Tuesday, August 5, 2008

What came you here to do?

Much like Aedifico42 in his recent post on MasonicMinute.com, of late I have been wondering just how constructive my time spent blogging about Masonry really is. Specifically, opinionated blogging... about the state of the craft, what Freemasonry is, what it means, what it's supposed to be, et cetera.

Thinking back to the first couple of weeks I went searching online for information about the Freemasonry, there were two types of sites that were instrumental in my decision to ask to become a Mason:
  • Factual: Sites that discuss Masonic history and fundamentals; the nuts and bolts of how a lodge works and what the degrees are about
  • Experiential: Sites featuring first-hand accounts of what it's like to be initiated and become a member of a lodge
It didn't take long for me to exhaust whatever factual/experiential resources I could find, and during my long wait to be inducted I moved on to other sites/blogs of the "I hate fish frys, modern Masonry is lacking" stripe. While these critical viewpoints did temper some of the loftier notions I had about the experience that lay in store for me, they also set me up to feel as though disappointment was inevitable.

Recently I attended a district meeting, standing in for the vacationing Brother who usually represents our lodge. Lots of things were discussed, but among them were not the finer esoteric/philosophical points of Freemasonry. The question of retention and how we can provide new Masons with a better experience was raised, and agreement was pretty much universal that we need to do better - and ideas were discussed. The same sorts of ideas that get thrown out across the internet by solitary Brothers lamenting the state of the craft in their local lodges, to be read by Brothers on the other side of the country who can't do much but commiserate. At a real-live face to face meeting though, suddenly you're in a room full of Masons who can effect local change. What a difference!

Otherwise, it was mundane stuff... planning events for the coming year, discussing logistics and delegating responsibilities. The sort of thing that any organization has to do. There was nothing inherently mystical or ritual about it, but there was good fellowship and a mutual understanding that everyone there had given this lovely weekend evening out of their supposedly "dark" summer out of devotion to the Craft.

I guess what I'm saying is, between that meeting and the ambassador training I attended last week, I feel like I've done more to improve Masonry in my Lodge and district in one week than I have in 15 months of blogging.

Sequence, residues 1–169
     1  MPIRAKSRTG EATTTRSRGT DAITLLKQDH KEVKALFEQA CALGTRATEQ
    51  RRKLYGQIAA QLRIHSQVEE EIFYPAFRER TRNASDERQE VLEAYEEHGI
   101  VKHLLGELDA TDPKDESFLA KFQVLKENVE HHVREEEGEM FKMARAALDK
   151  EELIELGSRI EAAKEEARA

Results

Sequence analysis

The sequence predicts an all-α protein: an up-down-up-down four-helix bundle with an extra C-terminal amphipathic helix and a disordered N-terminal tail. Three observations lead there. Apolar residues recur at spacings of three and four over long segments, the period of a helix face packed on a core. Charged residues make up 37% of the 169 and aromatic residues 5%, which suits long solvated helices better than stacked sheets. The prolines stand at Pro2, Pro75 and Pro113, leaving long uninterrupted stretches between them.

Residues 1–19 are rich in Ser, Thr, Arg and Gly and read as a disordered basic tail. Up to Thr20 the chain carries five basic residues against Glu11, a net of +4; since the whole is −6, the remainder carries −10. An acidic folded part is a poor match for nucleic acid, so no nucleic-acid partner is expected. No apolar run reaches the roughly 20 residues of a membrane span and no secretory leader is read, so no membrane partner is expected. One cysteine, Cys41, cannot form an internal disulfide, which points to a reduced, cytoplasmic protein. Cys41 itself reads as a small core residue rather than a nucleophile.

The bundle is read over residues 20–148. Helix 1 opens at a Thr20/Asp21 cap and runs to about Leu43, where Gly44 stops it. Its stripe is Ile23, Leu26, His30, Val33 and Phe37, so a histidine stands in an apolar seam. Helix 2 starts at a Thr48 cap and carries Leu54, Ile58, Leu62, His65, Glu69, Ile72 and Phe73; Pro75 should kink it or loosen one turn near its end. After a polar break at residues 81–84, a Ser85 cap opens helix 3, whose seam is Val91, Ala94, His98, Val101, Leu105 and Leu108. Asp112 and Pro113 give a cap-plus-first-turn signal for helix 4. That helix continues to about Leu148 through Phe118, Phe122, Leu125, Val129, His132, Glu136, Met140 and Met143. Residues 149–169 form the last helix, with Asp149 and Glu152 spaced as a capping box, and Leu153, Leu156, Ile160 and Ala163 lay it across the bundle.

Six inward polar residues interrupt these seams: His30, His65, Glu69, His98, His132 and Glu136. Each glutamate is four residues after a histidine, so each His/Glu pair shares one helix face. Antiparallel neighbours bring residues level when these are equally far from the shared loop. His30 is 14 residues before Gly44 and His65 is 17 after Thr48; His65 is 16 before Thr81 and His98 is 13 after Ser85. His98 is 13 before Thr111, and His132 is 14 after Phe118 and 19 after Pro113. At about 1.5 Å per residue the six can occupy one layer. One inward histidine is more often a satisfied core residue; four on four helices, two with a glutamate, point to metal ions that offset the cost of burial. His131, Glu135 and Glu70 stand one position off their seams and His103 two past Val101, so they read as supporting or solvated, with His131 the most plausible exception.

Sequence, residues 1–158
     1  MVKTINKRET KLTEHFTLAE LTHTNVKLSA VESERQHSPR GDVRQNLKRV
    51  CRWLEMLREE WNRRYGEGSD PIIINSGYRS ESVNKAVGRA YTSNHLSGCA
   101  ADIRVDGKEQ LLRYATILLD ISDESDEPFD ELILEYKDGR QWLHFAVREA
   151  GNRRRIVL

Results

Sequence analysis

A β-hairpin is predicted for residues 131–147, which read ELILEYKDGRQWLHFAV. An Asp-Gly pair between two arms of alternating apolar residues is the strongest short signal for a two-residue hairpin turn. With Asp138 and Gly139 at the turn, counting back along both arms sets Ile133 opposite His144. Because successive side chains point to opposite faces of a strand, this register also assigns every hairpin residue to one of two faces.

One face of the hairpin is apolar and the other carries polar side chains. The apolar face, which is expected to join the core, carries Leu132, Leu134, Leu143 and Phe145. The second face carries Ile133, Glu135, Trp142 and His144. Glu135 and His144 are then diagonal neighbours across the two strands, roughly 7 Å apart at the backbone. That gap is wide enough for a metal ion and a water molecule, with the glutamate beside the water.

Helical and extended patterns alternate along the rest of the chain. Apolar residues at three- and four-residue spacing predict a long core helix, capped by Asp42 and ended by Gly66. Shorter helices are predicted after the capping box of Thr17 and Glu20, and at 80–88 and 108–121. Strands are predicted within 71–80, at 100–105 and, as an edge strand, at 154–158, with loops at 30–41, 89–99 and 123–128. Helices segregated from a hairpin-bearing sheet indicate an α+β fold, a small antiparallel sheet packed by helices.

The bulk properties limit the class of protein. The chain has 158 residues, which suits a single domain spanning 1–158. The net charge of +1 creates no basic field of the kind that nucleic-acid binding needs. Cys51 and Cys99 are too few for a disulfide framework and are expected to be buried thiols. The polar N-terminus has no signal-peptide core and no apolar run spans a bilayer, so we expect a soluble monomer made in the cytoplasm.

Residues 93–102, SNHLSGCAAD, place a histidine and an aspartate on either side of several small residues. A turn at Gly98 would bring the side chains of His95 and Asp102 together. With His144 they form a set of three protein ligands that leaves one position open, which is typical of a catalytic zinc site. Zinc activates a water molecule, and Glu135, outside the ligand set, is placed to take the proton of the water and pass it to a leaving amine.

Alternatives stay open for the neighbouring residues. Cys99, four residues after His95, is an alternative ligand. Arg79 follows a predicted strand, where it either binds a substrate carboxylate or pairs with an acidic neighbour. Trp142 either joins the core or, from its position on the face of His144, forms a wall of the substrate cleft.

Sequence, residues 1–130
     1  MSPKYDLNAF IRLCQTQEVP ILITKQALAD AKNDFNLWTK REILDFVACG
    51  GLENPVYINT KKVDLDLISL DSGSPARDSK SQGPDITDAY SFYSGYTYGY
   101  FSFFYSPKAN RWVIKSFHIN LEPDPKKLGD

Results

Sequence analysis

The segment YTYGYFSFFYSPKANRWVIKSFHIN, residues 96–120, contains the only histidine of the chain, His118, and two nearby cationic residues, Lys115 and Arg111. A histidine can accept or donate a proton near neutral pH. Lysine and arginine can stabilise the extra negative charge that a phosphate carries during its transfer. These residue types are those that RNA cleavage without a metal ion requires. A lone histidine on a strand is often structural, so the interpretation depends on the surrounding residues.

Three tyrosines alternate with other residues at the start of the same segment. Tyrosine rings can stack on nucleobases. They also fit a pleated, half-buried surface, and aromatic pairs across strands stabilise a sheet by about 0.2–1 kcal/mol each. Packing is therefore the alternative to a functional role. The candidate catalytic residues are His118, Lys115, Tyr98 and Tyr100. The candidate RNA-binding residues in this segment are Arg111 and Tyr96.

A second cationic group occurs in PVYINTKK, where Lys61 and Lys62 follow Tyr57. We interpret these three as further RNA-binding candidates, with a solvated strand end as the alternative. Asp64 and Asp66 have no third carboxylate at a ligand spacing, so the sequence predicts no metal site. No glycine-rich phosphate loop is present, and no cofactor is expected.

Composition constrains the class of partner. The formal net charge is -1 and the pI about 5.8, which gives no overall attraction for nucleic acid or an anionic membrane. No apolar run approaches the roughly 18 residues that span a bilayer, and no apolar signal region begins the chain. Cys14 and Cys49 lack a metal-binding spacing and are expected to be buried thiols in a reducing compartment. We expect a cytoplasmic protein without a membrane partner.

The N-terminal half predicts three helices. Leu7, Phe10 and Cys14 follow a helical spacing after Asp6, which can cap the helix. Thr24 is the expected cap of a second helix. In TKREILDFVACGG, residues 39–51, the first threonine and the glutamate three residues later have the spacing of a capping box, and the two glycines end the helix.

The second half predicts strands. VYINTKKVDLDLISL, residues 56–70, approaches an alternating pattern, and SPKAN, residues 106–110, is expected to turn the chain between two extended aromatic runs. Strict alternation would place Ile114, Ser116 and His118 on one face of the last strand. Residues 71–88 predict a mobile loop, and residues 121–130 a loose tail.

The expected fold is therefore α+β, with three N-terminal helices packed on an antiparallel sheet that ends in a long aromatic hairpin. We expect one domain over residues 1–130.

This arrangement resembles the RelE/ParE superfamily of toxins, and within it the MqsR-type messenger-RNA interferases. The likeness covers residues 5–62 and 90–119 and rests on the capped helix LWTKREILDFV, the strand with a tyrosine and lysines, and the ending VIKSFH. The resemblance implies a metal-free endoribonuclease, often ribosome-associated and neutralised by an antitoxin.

Saturday, August 2, 2008

Practical Freemasonry

Ambassador's Jewel

I'm now officially a Masonic Ambassador for my lodge, having attended one of Grand Lodge's training sessions earlier this week. I even have a certificate and and jewel to prove it.

So what does a Masonic Ambassador do in Massachusetts? They are often the first point of contact for a potential candidate who calls Grand Lodge for information, or looks up a local lodge on the Grand Lodge web site. They answer candidates' questions, and follow through with them as they take the degrees so that they have a familiar face they can sit with at dinner, and most importantly know they can bring questions to.

Within the lodge, the Ambassador tries to help find ways to integrate new members, whether that's just introducing them to Brothers with similar interests, or learning about their hobbies/skills and putting them in touch with a particular committee where they can contribute.

Grand Lodge recognizes that it's about retention as much as it is about recruitment, and Ambassadors are charged with getting Brothers new and old engaged in their lodges again. The whole session was refreshingly pragmatic and quite encouraging overall. One plain statement presented during the evening was that it is important that lodges understand that membership is the only reason for our existence.

Now, now. All of the other things that make Freemasonry so unique and important to all of us are also reasons for our existence... but without new members who keep coming back the only place we'll be able to discuss them or enjoy the fellowship of one another is in the comments sections of each others' weblogs.

I also learned that there are some official Grand Lodge guidelines regarding web sites and what types of content are allowed on them, so I may be quiet here for another while until I can make sure I haven't committed any no-nos with content I've posted since last June.